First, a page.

Hot super-Earths stripped by host stars: 'Cooked' planets shrink due to radiation

April 11, 2016, University of Birmingham
Hot super-Earths stripped by host stars: 'Cooked' planets shrink due to radiation
Planet being stripped by host star's heat. Credit: Peter Devine

Astrophysicists at the University of Birmingham have used data from the NASA Kepler space telescope to discover a class of extrasolar planets whose atmospheres have been stripped away by their host stars, according to research published in the journal Nature Communications today (11 April 2016).

According to the study, planets with gaseous atmospheres that lie very close to their host are bombarded by a torrent of high-energy radiation. Due to their proximity to the star, the heat that the planets suffer means that their 'envelopes' have been blown away by . This violent 'stripping' occurs in planets that are made up of a rocky core with a gaseous outer layer.

The scientists used asteroseismology to characterize the stars and their planets to levels of accuracy not achieved before for these systems. Asteroseismology uses the natural resonances of stars to reveal their properties and inner structures.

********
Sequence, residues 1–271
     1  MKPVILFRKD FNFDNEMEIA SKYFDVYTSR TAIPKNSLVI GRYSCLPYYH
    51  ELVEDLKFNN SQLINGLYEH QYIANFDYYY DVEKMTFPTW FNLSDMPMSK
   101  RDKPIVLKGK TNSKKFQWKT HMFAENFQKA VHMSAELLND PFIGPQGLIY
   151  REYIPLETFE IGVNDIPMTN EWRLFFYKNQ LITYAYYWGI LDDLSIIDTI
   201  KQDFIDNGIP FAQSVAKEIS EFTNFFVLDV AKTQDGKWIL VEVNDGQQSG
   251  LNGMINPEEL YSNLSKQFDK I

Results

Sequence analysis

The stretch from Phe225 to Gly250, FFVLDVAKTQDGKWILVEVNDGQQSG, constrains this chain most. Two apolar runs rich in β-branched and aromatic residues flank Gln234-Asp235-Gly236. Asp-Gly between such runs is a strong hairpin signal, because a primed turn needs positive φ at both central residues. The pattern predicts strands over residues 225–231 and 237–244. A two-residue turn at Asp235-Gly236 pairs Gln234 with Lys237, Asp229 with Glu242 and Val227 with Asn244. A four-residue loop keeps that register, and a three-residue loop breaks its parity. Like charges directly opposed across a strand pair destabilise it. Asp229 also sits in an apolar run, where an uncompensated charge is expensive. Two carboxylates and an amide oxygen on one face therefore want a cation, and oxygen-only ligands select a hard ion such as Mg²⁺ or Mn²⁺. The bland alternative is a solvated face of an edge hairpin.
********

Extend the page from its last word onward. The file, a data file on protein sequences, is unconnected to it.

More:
The results of the study have important implications for understanding how stellar systems, like our own solar system, and their planets, evolve over time and the crucial role played by the host star.

Dr Guy Davies, from the University of Birmingham's School of Physics and Astronomy, said: 'For these planets it is like standing next to a hairdryer turned up to its hottest setting. There has been much theoretical speculation that such planets might be stripped of their atmospheres. We now have the observational evidence to confirm this, which removes any lingering doubts over the theory.'

Dr Davies added: 'Our results show that planets of a certain size that lie close to their stars are likely to have been much larger at the beginning of their lives. Those will have looked very different.'

Scientists expect to discover and characterize many more of these 'stripped systems' using a new generation of satellites, including the NASA TESS Mission which will be launched next year.

Explore further: Newly discovered planet in the Hyades cluster could shed light on planetary evolution

More information: Nature Communications, DOI: 10.1038/NCOMMS11201

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wduckss
1 / 5 (2) Apr 11, 2016
'' For these planets it is like standing next to a hairdryer turned up to its hottest setting. There has been much theoretical speculation that such planets might be stripped of their atmospheres. "

Mercury, the Moon, Mars / Venus, Earth. Hairdryer sometime works, but not in the order.

Here it is argued that it used and Mercury was the size of Jupiter.

We forget the fact that in the space between the body there are particles of gas, the dust ...and that ionization comes from the collision radiation from particles.

Stars that lose their mass would be only a small star. In the Universe and the laws of physics matter is attracted to both body and grow.

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